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This accessible 1999 study of social class in contemporary Papua New Guinea deals with the new elite, its culture and its institutions, and its relationship to the broader society. The Papua New Guinea described here is not a place of exotic tribesmen, but a modernising society, shaped by global forces, and increasingly divided on class lines. The authors describes the life-style of the elite Wewak, a typical commercial centre, their golf clubs and Rotary gatherings, and bring home the ways in which differences of status are created, experienced and justified. In a country with a long tradition of egalitarianism, it has become at once possible and plausible for relatively affluent 'nationals' to present themselves in a wide range of contexts as fundamentally superior to 'bushy' people, to blame the poor for their misfortunes, and to turn their backs on their less successful relatives.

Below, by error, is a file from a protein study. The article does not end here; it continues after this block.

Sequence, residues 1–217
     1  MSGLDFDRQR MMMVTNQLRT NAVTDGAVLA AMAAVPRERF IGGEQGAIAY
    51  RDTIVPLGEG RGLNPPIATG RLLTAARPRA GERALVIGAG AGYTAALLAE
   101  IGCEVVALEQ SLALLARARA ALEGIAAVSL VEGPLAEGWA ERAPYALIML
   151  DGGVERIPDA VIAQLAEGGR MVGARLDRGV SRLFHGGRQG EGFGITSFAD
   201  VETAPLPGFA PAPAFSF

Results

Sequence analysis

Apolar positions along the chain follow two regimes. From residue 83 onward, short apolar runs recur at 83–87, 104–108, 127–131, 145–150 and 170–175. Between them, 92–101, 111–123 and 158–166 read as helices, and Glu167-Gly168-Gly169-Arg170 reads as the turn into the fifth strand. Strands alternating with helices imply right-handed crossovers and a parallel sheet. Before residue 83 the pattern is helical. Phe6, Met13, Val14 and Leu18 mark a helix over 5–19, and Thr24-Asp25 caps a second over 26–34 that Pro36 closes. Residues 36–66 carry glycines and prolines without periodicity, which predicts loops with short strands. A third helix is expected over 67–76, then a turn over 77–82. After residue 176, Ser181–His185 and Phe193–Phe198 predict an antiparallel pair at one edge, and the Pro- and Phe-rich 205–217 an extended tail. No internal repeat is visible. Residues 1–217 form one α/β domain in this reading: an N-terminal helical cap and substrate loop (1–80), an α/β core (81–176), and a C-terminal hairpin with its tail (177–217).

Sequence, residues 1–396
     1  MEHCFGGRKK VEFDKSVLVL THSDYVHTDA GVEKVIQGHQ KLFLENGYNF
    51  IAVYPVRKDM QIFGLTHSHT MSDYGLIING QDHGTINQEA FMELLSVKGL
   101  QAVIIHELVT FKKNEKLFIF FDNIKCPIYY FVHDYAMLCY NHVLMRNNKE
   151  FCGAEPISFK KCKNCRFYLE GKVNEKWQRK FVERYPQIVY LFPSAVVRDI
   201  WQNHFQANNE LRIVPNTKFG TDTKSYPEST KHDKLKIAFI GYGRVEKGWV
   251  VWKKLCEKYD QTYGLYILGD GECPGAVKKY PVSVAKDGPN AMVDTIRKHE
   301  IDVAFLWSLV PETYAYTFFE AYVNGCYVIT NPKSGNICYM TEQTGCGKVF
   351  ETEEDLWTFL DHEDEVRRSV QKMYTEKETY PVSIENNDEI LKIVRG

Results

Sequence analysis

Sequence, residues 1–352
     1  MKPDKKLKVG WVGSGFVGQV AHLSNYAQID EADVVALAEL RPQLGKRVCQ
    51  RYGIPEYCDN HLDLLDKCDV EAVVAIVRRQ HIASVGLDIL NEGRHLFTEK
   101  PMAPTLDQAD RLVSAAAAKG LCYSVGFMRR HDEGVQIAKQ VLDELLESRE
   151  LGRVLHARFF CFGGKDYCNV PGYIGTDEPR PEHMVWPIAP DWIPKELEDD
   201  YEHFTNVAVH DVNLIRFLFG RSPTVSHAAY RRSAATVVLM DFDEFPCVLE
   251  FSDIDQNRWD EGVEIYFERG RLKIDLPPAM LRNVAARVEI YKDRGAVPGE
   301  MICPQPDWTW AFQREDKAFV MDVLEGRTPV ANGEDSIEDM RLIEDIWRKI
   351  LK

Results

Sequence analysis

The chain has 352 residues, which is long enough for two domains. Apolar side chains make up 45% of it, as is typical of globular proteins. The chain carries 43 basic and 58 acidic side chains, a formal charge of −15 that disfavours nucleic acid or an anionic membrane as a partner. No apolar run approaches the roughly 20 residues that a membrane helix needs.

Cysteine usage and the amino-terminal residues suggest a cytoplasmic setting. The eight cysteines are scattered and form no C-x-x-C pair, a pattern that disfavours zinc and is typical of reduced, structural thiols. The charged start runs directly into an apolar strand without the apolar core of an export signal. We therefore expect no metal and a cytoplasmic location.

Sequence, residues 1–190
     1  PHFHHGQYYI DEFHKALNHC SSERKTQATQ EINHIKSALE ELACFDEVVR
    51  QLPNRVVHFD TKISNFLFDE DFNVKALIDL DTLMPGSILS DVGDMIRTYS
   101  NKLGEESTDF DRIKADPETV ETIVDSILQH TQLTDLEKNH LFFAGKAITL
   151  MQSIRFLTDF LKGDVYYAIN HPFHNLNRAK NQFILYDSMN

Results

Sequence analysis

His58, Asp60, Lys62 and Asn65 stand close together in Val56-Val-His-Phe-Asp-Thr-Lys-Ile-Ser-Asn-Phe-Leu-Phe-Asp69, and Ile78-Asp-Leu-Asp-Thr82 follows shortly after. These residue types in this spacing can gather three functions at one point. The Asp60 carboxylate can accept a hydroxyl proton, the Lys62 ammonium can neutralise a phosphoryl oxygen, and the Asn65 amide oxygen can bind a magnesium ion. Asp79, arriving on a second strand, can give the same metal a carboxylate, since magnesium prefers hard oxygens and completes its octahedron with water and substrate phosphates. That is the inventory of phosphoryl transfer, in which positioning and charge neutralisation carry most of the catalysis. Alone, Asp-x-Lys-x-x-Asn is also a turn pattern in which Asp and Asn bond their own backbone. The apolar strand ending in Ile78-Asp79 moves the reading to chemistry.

Subject: Social Sciences -> Anthropology -> Cultural Anthropology